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    Software name: appdown
    Software type: Microsoft Framwork

    size: 147MB


    Software instructions

      "Certainly you can afford to fill a position which the leader of Ferry's scouts has filled just before you.""Evidently they took plenty of room when they laid it out," said Frank, "for it isn't crowded like Shanghai and the other places we have seen."

      The voyage from Hong-kong to Canton is partly among islands and through a bay, and partly on the Pearl River. The navigation is easy in the first part of the course, but after the steamer has reached the narrower portion of the river the great number of junks and other craft compels a sharp lookout on the part of the pilots, to avoid accidents. They passed the famous Whampoa Anchorage, where the ocean-bound ships used to receive their cargoes before Hong-kong assumed its present importance. A few miles farther on, the great city of Canton was brought into sight as the steamer swung around a bend in the river. In front was the island of Ho-nan, with its temple bowered in trees, and on the surface of the river there were thousands of boats of many kinds and sizes. The boys remembered what they had heard of the boat population of Canton, and now they realized that they had reached a city where sixty thousand people make their homes on the water."'The report soon spread that Bumbuku Chagama had learned to dance, and the merchant was invited to go to all the great and small provinces, where he was summoned to exhibit the teapot before the great daimios, who loaded him down with gifts of gold and silver. In course of time he[Pg 238] reflected that it was only through the teapot, which he had bought so cheap, that he became so prosperous, and felt it his duty to return it again, with some compensation, to the temple. He therefore carried it to the temple, and, telling the chief priest of his good fortune, offered to restore it, together with half the money he had gained.

      There was a laugh all around at the oddity of the situation in which the boys found themselves. They tried various positions in front of the little table that had been spread for them, but no attitude they could assume was thoroughly comfortable. They squatted, they knelt, and then[Pg 172] they sat flat on the floor, but all to no purpose. They were uncomfortable, and no mistake. But they had a merry time of it, and both Fred and Frank declared they would not have missed this dinner in Japan for a great deal. It was a novelty, and they thought their schoolmates would envy them if they knew where they were.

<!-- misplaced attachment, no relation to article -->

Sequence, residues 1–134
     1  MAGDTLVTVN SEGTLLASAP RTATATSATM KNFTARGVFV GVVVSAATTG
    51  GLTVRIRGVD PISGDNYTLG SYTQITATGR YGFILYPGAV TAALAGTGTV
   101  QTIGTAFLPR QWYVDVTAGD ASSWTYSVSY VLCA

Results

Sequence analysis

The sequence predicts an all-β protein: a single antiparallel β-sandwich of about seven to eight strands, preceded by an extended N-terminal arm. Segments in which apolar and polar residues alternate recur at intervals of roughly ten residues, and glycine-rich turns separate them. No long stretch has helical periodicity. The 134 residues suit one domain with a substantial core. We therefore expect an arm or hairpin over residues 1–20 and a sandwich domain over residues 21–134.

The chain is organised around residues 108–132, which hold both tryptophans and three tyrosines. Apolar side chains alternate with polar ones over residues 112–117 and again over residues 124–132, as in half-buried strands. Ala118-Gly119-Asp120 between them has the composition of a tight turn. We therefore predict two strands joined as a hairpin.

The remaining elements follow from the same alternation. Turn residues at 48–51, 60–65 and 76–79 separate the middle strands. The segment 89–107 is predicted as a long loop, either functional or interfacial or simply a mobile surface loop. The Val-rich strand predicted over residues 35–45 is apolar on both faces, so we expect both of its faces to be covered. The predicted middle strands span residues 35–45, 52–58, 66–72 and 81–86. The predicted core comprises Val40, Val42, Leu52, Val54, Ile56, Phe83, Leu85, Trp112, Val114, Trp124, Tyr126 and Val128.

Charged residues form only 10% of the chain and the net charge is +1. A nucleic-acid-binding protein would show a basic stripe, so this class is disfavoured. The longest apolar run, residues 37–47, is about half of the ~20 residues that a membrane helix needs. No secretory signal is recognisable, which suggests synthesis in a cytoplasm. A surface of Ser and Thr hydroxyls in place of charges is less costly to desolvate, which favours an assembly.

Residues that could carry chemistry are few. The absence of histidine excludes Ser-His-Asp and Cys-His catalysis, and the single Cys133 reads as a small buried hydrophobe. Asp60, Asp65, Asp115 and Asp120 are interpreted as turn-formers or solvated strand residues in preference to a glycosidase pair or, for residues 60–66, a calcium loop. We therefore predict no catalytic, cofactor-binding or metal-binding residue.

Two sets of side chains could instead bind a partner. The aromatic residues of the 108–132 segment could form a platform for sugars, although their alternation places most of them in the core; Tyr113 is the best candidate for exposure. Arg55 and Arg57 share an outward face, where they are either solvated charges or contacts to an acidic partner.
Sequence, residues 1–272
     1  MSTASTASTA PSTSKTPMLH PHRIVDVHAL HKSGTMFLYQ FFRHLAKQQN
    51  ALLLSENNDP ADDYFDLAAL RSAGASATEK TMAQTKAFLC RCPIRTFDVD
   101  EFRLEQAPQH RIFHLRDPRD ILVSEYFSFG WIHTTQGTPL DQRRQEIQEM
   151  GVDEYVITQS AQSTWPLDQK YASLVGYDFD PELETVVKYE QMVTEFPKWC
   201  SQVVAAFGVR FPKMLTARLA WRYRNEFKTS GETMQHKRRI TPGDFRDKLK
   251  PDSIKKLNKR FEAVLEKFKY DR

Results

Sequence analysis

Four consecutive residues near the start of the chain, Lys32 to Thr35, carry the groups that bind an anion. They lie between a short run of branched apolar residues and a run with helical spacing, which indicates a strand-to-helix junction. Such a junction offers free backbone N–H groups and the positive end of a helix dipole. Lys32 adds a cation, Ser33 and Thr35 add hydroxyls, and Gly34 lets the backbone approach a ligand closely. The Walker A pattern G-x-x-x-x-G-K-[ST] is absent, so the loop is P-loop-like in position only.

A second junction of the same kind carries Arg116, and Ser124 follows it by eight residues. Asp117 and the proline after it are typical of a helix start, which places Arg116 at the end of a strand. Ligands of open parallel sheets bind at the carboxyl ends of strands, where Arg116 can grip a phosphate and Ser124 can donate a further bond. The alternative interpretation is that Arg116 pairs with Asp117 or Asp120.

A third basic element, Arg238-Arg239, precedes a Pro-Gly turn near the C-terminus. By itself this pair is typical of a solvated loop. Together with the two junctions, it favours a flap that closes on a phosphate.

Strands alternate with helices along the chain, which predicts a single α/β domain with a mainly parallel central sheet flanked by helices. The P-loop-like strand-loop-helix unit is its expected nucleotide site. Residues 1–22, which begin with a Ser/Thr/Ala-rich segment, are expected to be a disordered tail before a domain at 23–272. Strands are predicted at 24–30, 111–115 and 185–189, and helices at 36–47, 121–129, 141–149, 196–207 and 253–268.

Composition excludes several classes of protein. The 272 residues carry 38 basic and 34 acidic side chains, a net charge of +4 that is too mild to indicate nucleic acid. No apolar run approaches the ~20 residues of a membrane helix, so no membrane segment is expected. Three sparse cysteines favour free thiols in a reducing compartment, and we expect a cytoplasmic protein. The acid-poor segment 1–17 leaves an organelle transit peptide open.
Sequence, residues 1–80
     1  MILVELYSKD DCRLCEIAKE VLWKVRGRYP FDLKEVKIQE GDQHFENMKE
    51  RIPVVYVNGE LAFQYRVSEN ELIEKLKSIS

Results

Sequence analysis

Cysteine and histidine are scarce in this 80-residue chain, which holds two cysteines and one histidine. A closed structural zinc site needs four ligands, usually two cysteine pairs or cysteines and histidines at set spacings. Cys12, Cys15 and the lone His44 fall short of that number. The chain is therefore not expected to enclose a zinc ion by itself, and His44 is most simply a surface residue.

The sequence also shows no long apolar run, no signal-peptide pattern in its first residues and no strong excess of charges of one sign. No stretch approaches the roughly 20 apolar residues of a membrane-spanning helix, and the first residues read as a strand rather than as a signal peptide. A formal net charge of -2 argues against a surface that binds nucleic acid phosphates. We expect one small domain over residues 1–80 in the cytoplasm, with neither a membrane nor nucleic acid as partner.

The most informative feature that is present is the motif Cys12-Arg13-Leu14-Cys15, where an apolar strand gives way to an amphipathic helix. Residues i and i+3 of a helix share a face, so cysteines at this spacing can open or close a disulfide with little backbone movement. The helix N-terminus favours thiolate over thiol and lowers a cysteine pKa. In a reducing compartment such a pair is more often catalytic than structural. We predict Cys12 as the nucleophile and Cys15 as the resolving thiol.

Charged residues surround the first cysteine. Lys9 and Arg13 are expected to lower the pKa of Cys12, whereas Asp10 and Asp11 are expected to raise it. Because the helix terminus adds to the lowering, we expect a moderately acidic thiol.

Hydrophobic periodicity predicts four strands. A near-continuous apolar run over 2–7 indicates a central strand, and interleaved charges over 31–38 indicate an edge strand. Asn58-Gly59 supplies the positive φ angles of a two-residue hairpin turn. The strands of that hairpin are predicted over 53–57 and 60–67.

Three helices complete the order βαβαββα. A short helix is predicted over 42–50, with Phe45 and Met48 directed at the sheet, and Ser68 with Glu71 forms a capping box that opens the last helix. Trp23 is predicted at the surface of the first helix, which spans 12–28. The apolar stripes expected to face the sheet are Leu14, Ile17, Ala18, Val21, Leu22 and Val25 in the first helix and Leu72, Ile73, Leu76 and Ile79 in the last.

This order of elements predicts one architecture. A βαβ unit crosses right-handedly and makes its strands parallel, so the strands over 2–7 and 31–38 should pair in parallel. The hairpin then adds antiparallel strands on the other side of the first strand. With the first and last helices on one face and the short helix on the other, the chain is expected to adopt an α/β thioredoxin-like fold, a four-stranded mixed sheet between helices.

The steamer descended the Woosung River to its intersection with the Yang-tse-kiang, and then began the ascent of the latter. The great stream was so broad that it seemed more like a bay than a river. This condition continued for a hundred and fifty miles, when the bay narrowed to a river, and the far-famed Silver Island came in sight. It stands in mid-stream, a steep hill of rock, about three hundred feet high, crowned with a pagoda, and covered from base to summit with trees and bushes and rich grass. At first it might be taken for an uninhabited spot, but as the boat approaches you can see that there are numerous summer-houses and other habitations peeping out from the verdure. A little beyond the island there is a city which straggles over the hills, and is backed by a range of mountains that make a sharp outline against the sky. This is Chin-kiang, the first stopping-place of the steamer as she proceeds from Shanghai to Han-kow. She was to remain several hours, and our friends embraced the opportunity to take a stroll on shore. Here is Frank's account of the expedition:



      "Close by the door of this establishment there was an opium den, where a dozen or more men were intoxicating themselves with opium, or sleeping off the effects of what they had already taken. We just looked in for a moment; it was so much like the place of the same kind that we saw in Shanghai that we did not care to stay, and, besides, the smell was very bad and the heat almost stifling. The Cantonese are said to be just as inveterate smokers of the deadly drug as the people of the North; in fact, it is about the same all over China, and with all classes that can afford to indulge in the vice. Only the middle and poorer classes go to the shops to smoke opium. The rich people can enjoy the luxury at home, and some of them have rooms in their houses specially fitted up for it."Yes, an American named Ward, who rose to be a high-class mandarin among the Chinese, and since his death temples have been erected to his honor. He came to Shanghai in 1860, and was looking around for something to do. The rebels were within forty miles of the city, and their appearance in front of it was hourly expected. They were holding the city of Soon-keong, and Ward proposed to take this place by contract, as one might propose to build a house or a railway line."


      "The proudest day of my lifeI've been to the top of Fusiyama."


      As they rested that evening, Frank thought of some lines that he had seen somewhere, which were appropriate to the journey they had made, and he wound up the day's experiences by repeating them. They were as follows: